A recent book from Martha Bayles, a lecturer in humanities at Boston College, tackles the question of how American entertainment industry products confound official U.S. government efforts to represent the nation to...KEEP READING
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Advice to Secretary Kerry: Talking is Not the Same as Communicating
WASHINGTON – The ability to talk is not the same as the ability to communicate.
That was the advice from USC’s Nicholas Cull at a public diplomacy conference here.
Asked what advice he would give to the new Secretary of State, Cull said he would first ask a question: “What’s possible? Am I going to waste my time talking [about projects that can never see the light of day]?”
Cull said Kerry needs to reverse a basic U.S. policy that is almost fifteen years old.
“The U.S. withdrew from engaging the world in 1989,” said Cull, adding U.S. policy then became, “We will engage the elite and ignore the masses.”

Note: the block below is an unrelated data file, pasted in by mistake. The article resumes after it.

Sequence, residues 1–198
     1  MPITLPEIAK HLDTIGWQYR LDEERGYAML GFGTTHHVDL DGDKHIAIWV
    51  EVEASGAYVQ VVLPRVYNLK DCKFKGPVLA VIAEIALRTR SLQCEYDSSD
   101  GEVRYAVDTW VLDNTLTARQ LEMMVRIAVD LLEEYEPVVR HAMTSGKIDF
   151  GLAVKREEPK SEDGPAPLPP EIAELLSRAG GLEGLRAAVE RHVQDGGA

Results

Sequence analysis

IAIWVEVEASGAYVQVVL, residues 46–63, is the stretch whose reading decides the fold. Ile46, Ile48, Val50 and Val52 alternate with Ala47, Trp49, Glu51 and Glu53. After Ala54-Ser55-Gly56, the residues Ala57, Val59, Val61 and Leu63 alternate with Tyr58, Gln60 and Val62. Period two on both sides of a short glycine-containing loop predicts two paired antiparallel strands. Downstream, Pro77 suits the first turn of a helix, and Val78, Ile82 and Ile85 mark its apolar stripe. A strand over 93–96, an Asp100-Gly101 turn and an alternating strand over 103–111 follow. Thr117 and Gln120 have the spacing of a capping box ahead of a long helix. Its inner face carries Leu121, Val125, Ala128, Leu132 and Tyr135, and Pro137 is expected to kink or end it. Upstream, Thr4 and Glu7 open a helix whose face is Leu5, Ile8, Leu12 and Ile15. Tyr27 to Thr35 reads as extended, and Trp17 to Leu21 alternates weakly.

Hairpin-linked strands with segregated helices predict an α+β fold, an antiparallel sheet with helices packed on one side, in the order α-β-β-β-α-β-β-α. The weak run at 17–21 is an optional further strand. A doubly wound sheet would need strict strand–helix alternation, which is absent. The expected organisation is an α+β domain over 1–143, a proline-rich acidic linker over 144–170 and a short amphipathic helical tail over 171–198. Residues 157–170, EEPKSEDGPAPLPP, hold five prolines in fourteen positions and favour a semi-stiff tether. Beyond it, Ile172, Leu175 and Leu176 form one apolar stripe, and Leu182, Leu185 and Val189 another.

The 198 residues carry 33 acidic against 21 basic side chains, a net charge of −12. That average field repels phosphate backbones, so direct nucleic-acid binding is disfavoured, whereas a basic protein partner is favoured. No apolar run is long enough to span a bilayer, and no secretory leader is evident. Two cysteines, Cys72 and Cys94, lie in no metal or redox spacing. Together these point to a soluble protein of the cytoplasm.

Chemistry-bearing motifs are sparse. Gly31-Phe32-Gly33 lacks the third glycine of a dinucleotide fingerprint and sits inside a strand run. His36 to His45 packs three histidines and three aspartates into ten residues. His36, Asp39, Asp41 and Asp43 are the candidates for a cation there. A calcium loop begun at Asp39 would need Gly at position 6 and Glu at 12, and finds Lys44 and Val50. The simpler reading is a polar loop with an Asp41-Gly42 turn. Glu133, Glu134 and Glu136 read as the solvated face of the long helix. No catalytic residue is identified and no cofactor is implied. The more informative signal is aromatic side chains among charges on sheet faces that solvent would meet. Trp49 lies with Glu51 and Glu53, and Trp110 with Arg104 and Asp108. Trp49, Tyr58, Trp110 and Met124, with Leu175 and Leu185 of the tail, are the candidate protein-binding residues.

As a result, the U.S. decided it could do without the U.S. Information Agency. At a stroke, he argued, America then lost touch with not just the masses but leaders in culture and the arts throughout the world. Saving USIA would not have prevented 9/11, said Cull, but it would have helped in its aftermath.
“If USIA had lived,” Cull said, “the world would have been much better off on 9/12.”
As an example, he pointed to remarks by the second President Bush that caused an uproar in the Arab world.
“You couldn’t have imagined the first President Bush talking about going on a crusade,” Cull said.
According to Cull, the decision to close the USIA led to a major cultural shift.
“Creativity was the lifeblood of USIA,” he said. Having its functions absorbed by the State Department was a catastrophe that, according to Cull, has been likened to West Germany being taken over by East Germany.
The U.S. also paid a price in human resources.
“It was emotionally draining,” Cull said. “I saw the statistics on early retirement.”
And many USIA veterans who opted for early retirement then became consultants to the government -- at higher pay.
Cull was in Washington to discuss his new book, "The Decline and Fall of the United States Information Agency: American Public Diplomacy, 1989-2001."
Cull's remarks were at the monthly USC Washington D.C. lunch forum, presented in partnership with the USC Center on Communication Leadership and Policy and the Public Diplomacy Council. The next forum, on June 3rd, will be "All about eDiplomacy: from Tech Camps to the Virtual Foreign Service."